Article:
There are numerous benefits that come with becoming a U.S. citizen. You earn the right to certain privileges such as the right to vote, travel and live overseas without the fear of losing U.S. status and avoid the risk of deportation in case you get in trouble with the law.
U.S. permanent residents can acquire citizenship through naturalization. However, this does not happen immediately after you obtain the green card. You need to meet certain requirements to become a citizen of the United States.
So how does citizenship via naturalization happen?
The U.S. Citizenship and Immigration Services (USCIS) is the government agency that reviews and determines your eligibility for naturalization. Thus, to become a citizen, you need to meet the following requirements:
- You must be a U.S. permanent resident for at least five years
- You must continually live in the U.S. or its territories for the last 30 months out of your 5-year permanent residency
- You must reside in the state where you are applying for naturalization for at least three months
The process of naturalization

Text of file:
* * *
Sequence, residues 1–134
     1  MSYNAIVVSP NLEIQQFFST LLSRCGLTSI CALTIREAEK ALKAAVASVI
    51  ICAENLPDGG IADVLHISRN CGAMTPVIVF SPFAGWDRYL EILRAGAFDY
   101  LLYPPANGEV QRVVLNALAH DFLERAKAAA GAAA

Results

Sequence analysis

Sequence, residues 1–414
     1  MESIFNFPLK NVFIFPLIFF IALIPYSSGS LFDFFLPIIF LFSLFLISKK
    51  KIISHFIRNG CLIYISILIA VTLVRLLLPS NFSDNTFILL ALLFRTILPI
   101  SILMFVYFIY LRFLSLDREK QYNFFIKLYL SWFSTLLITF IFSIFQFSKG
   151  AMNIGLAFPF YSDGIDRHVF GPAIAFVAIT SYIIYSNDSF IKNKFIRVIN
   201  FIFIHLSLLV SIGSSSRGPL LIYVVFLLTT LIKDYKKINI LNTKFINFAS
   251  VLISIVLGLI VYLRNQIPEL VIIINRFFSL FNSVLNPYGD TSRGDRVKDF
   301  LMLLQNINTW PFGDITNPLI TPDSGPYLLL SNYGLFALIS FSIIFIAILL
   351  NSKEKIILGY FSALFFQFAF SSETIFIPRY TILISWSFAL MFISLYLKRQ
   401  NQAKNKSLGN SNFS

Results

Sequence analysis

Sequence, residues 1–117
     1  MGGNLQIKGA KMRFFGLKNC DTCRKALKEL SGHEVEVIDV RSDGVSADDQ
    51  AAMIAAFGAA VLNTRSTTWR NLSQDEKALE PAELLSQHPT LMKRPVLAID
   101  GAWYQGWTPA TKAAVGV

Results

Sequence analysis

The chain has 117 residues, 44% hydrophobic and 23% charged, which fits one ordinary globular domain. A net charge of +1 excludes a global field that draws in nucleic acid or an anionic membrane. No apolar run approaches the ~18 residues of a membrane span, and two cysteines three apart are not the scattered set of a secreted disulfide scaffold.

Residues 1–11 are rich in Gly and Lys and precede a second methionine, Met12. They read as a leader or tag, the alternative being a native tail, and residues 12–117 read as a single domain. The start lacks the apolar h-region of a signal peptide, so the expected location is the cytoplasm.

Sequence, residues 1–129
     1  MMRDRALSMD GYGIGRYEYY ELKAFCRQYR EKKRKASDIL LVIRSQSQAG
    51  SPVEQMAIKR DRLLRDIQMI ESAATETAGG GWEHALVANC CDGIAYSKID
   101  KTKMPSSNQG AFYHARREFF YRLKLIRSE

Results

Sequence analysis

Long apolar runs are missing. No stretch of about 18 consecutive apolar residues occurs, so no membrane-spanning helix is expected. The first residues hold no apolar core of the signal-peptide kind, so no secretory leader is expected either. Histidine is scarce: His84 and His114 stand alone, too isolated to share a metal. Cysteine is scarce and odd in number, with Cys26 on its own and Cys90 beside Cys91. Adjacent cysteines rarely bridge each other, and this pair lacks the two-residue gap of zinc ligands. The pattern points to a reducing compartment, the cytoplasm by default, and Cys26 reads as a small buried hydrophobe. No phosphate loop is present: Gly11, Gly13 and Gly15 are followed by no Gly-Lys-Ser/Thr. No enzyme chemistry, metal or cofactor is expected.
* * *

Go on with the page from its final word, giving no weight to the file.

Besides meeting the residency requirements, the USCIS will require you to meet additional conditions to become a naturalized U.S. citizen. These include:
Age requirements – you have to be at least 18 at the time of applying for naturalization. If you have minor children, they will become automatically naturalized when the parents become citizens.
Language requirements – you will have to take and pass English as well as U.S. history and government tests.
Character requirements – you must be a person of sound morals. This means that you cannot have certain criminal convictions.
Acquiring U.S. citizenship comes with a range of benefits. However, it is never a straightforward process. Learning more about U.S. citizenship and naturalization laws can help you take appropriate steps while preparing for naturalization.